Playwright Michael Aman scored a solid hit when Fort Lauderdale's Island City Stage gave his comedy "POZ" its world premiere in 2014.
Now Aman and Island City have teamed up for another world premiere, this one a "dramedy" titled "Feeding the Bear."
The laughs in this new play are fewer, deliberately so. Most are supplied by the dialogue Johnnie Bowls has as Martini, a public access TV chef whose show "Cooking Is a Drag" features him in fabulous full drag themed to whatever he's whipping up. While making tequila chicken with mole sauce, for example, Martini is dressed as a spicy señorita whose big-hair wig sports a sombrero that would fit a Barbie doll.
In "Feeding the Bear," Aman explores or touches on a host of serious subjects, including Alzheimer's disease, body dysmorphia, family dysfunction, marital betrayal, suicide, bulimia, homophobia, racism, anti-Semitism, online hookups and mental illness. If that seems like a lot of ground to cover in a 90-minute play, it is, but the abundance of personal details makes for some multifaceted characters.
Aman's story centers on the Adams family. Father Bear Adams (Kevin Reilley), a longtime widower, is in the throes of Alzheimer's disease. He's often angry and agitated, forgets that his wife Mary died long ago, and attacks his grown son and daughter – verbally and sometimes physically.
Joey Adams (Andy Rogow), an English teacher, has moved back to the family farm to be his father's caregiver. He's gay, massively insecure and certain that his breasts are enormous, though they aren't. Lonely and frustrated by his father's worsening condition, he's a big fan of Martini's unconventional cooking show.
Chrissy Adams (Niki Fridh) is Joey's sister, a divorcee who has never been able to get her act together as a fully functioning adult. She's an ex-bulimic, an avid pot smoker and a woman who embraces online dating as an efficient way to have sex.
Staged by Michael Leeds, with typically excellent work from Island City's design team (Michael McClain devised the rustic set, Peter A. Lovello the costumes, Ardean Landhuis the lighting and David Hart the sound), "Feeding the Bear" takes each of its characters on a journey to a slightly better place.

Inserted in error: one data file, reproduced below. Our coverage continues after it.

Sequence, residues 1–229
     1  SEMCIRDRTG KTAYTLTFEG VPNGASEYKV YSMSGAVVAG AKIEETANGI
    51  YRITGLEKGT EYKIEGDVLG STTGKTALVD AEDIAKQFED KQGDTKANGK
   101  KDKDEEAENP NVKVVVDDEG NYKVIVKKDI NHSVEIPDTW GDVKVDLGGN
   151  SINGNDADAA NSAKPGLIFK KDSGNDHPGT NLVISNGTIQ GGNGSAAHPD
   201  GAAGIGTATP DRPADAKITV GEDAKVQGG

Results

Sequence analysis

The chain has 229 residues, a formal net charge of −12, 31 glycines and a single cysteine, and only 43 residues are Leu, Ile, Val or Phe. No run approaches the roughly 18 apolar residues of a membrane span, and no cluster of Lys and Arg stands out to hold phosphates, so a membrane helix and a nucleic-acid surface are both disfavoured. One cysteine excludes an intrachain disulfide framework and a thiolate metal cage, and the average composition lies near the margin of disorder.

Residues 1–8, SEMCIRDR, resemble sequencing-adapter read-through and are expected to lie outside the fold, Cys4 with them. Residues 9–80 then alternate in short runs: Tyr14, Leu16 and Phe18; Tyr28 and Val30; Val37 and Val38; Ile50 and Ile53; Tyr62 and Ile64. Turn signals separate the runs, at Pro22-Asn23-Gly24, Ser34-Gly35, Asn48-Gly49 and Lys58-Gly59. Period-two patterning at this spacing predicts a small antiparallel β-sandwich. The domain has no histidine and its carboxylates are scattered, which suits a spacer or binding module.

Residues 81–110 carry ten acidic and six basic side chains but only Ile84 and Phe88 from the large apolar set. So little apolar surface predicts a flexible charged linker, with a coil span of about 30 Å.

For Martini – real name Martin – and Joey, a meeting in a bar is followed by one extremely awkward first date and then the hint of a possible relationship. For Chrissy, the pattern of trying to run from discomfort may be coming to an end. Vulnerable, difficult Bear makes at least a little peace with his grown kids.
Aman creates intriguing characters, and the situation in which Bear, Joey and Chrissy find themselves is certainly one that will resonate with plenty of adults whose elderly parents have ongoing medical issues. How strong the play might be going forward isn't so easy to judge because of the uneven quality of the performances in the world premiere.
Reilley is strong and utterly convincing as a man whose mind is betraying him. Fridh is a charismatic Chrissy, a woman who's all about numbing pain and keeping life uncomplicated.
Rogow, on the other hand, has a tough time convincingly playing Joey's body dysmorphia, and though he's jittery around Martin, he doesn't make you feel sympathy for the self-sabotaging messiness of Joey's life.
Though Bowls gets to play many varieties of flamboyant as Martini – Mexican, Japanese and a down-home southern gal – he's actually better in his scenes as Martin. Cooking in drag, he must pretend to whip up several dishes as he intersperses cooking show patter with the zingers Aman supplies, resulting in lots of verbal flailing. He also refers to the viewers as "beaches," a weird pronunciation that sounds more like it belongs on the travel channel. Don't know how Martini's food tastes, but at the moment, the drag part of the actor's performance is a hot mess.
"Feeding the Bear" is an Island City Stage production running through July 3 at the Abyss Theatre, 2304 N. Dixie Highway, Wilton Manors. Show times are 8 p.m. Thursday-Saturday, 5 p.m. Sunday. Tickets cost $35. To order, call 954-519-2533 or go to www.islandcitystage.org.